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John Hennessy

Jack pine cones, maple leaves, red tail-feathers
From a startled hawk—she filled her purse

With figments from the bulldozed woods.
Ice in the birdbath, a frozen millet stick.

Paint peeling from deck rails was too thick
To ignore. The colors matched her moods,

Grey-blue on top, white oak below. The nurse
For evening meds, and maid at angelus. Red leathers

Scuffed, spit-shined, roughed up again, the heels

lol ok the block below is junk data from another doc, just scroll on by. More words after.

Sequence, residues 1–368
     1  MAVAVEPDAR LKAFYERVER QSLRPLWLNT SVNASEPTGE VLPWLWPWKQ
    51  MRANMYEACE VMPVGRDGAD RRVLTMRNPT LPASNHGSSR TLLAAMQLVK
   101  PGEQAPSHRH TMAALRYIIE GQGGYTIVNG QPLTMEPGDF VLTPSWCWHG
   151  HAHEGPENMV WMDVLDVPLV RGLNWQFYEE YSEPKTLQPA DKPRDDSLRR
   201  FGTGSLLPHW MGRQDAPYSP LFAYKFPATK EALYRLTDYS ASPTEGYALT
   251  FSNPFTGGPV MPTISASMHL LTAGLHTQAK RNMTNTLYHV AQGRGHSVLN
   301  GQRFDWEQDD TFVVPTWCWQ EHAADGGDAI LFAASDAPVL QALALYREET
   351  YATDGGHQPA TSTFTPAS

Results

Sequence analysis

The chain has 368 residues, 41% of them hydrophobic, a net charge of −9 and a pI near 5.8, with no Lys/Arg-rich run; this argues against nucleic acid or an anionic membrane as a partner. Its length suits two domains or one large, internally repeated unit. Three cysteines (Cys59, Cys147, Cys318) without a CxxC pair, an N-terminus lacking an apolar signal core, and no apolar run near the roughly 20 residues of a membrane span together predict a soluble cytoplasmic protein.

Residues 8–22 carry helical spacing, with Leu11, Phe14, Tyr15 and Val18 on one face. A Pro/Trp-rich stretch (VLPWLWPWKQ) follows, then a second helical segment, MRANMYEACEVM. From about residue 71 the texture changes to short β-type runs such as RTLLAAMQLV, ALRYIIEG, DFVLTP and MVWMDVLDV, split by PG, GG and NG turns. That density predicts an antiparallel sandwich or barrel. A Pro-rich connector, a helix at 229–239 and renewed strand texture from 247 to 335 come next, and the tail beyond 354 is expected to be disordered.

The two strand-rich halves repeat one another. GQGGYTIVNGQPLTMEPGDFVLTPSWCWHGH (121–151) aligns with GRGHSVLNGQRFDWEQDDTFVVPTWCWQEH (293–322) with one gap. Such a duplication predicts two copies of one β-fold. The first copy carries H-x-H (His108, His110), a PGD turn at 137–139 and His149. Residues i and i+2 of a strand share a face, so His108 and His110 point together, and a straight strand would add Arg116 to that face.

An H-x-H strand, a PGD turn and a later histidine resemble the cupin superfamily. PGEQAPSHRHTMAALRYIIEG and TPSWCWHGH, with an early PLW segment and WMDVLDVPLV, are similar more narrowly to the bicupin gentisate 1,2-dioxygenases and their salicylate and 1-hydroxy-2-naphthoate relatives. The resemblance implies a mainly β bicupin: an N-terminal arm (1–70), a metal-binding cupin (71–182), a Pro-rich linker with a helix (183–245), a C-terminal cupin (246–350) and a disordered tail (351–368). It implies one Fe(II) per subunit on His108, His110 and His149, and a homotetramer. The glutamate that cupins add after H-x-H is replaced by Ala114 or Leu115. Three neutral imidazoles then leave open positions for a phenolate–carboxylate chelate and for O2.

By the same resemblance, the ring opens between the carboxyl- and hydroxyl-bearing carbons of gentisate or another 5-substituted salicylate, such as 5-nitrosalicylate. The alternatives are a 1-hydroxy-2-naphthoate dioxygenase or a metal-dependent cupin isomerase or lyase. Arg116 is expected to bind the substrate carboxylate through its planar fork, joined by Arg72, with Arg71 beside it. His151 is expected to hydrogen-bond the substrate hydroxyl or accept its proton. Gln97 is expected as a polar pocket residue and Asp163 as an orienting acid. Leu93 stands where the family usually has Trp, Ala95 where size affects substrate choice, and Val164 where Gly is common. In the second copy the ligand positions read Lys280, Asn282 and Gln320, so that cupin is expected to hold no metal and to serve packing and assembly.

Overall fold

A stack of wooden nickels. Mother’s meals

Grew smaller every day, rice grain, breadcrumb,
Soon she’d fit on the head of a pin, too frail

To hold a lapdog, Siamese cat. The dumb
And artless jib that kept her rigging, sail

Set to a constant circling—sickroom, kitchen, bath.
Propped up on pillows, mother watched the last

Blackbirds harass the feeder. She folded sums
Across her thoughts. Reckonings. Junk mail.

The clacking in the hall, her favorite boots.
Her hair still heavy on her shoulders, dark, loose.

 

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